Regenerative medicine provides hope for IBD patients with perianal disease
Published: December 22, 2020
On November 17-18, 2020, the Crohn’s & Colitis Foundation hosted its third annual IBD Innovate: Product Development for Crohn’s & Colitis™ conference. This meeting brings together researchers, start-up companies, industry companies, accelerator organizations and more who are committed to accelerating the discovery and development of novel products with the potential to address the unmet needs of patients with IBD. This is the final blog post recapping the presentations from the 2020 IBD Innovate.
Crohn's disease that affects the perianal area is challenging to treat. This complication of Crohn's disease affects 25% of patients. Perianal Crohn's disease can lead to the formation of fistulas, which are abnormal connections between an organ and the skin, or between two organs. In some cases, the Crohn's disease can also affect the anal canal (the last part of the large intestine). For patients, this can be quite painful and lead to a severe decrease in quality of life. When the disease has advanced and includes the anal sphincter (which controls the release of stool from the body), it can even result in fecal incontinence.
Currently there are limited options to treat perianal Crohn's disease. Biologics might be used in some cases and may work well to tame inflammation. However, the open tracts of fistulas might not improve with medication. That's why as many as 90% of patients will need surgery to treat perianal Crohn's disease. The problem is, while there are many different surgical options, as Dr. Amy Lightner pointed out during IBD Innovate, that's actually an indication that "no one particular option works very well."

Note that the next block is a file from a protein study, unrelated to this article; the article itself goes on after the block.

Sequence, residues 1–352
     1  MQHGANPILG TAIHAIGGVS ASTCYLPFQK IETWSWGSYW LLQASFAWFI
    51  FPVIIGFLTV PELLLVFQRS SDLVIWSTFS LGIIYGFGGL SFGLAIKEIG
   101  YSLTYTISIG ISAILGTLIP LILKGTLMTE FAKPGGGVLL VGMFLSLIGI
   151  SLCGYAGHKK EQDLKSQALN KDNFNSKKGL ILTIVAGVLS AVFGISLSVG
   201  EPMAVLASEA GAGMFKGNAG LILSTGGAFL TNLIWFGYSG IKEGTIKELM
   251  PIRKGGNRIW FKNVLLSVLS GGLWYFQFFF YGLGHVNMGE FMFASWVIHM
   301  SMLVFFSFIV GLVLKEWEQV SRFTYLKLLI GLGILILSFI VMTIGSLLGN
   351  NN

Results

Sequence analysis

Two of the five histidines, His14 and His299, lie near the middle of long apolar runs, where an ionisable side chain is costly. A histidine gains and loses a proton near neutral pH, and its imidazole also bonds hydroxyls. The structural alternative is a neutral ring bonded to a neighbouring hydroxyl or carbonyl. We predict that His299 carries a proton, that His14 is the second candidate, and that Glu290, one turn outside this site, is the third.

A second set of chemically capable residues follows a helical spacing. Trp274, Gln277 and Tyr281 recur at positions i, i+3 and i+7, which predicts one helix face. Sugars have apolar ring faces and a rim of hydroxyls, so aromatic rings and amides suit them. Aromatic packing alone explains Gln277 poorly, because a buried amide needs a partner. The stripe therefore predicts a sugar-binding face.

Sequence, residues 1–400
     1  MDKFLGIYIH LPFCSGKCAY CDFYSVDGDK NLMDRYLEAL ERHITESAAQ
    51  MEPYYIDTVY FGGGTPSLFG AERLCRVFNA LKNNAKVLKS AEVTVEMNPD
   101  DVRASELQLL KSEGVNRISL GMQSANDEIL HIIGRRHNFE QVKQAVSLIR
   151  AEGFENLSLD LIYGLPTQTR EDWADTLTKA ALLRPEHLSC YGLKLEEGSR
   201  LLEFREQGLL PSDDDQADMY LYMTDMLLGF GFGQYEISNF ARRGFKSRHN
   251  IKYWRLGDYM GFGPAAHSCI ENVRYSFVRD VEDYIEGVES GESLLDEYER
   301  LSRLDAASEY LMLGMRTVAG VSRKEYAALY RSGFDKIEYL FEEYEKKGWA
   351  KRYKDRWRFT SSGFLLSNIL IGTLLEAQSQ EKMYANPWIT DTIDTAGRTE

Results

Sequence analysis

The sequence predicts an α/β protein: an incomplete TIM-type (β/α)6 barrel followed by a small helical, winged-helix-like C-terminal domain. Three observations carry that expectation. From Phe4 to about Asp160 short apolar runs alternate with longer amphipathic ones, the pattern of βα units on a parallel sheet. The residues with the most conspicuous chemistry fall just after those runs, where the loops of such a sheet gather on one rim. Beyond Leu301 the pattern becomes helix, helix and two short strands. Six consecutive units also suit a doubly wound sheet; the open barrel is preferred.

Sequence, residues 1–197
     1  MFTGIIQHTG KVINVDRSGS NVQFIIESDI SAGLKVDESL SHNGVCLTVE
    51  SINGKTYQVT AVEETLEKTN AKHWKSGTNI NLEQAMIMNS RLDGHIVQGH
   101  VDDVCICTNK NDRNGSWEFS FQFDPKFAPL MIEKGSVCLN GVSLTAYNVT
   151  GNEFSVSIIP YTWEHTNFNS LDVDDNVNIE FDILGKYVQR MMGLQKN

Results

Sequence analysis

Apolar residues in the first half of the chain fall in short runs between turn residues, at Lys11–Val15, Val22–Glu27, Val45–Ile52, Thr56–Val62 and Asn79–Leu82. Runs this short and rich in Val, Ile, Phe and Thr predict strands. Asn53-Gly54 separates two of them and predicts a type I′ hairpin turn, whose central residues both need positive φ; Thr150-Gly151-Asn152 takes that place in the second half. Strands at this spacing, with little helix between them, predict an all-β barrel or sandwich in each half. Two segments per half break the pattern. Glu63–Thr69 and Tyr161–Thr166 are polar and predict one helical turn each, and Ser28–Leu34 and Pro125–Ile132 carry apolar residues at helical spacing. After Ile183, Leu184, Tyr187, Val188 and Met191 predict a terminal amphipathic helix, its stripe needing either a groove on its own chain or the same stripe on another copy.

Dr. Lightner, Associate Professor of Surgery in the Department of Colon and Rectal Surgery at Cleveland Clinic, gave a presentation exploring new options in the management of complicated perianal IBD and even mild-to-moderate IBD. During her presentation, she described the quality of life for her patients with multiple fistulas as very poor and pointed out that surgery doesn’t create remission. In about 20% of cases, creating a temporary ostomy is needed to manage fistulas. In another 20%, a permanent ostomy with removal of the rectum is ultimately needed.
Using stem cells to heal fistulizing disease
In 2003, the first case report was published in treating an IBD patient with a rectovaginal fistula with mesenchymal stem cells (MSCs). After three months, the patient’s fistula was healed. After that, multiple trials were done all over the world with different types of cells to heal fistulas. What's been learned through all this research is that MSCs to treat perianal Crohn's disease are safe, are associated with few adverse effects, and are effective.
Dr. Lightner reported on several small studies using MSCs to treat fistulas:
- In a Phase 1 trial at the Mayo Clinic, which used MSCs to treat 12 patients with fistulae, 83% were healed by six months.
- In another small study, patients received one injection of MSCs. After one year (52 weeks), most patients stayed in remission and did not have another fistula form.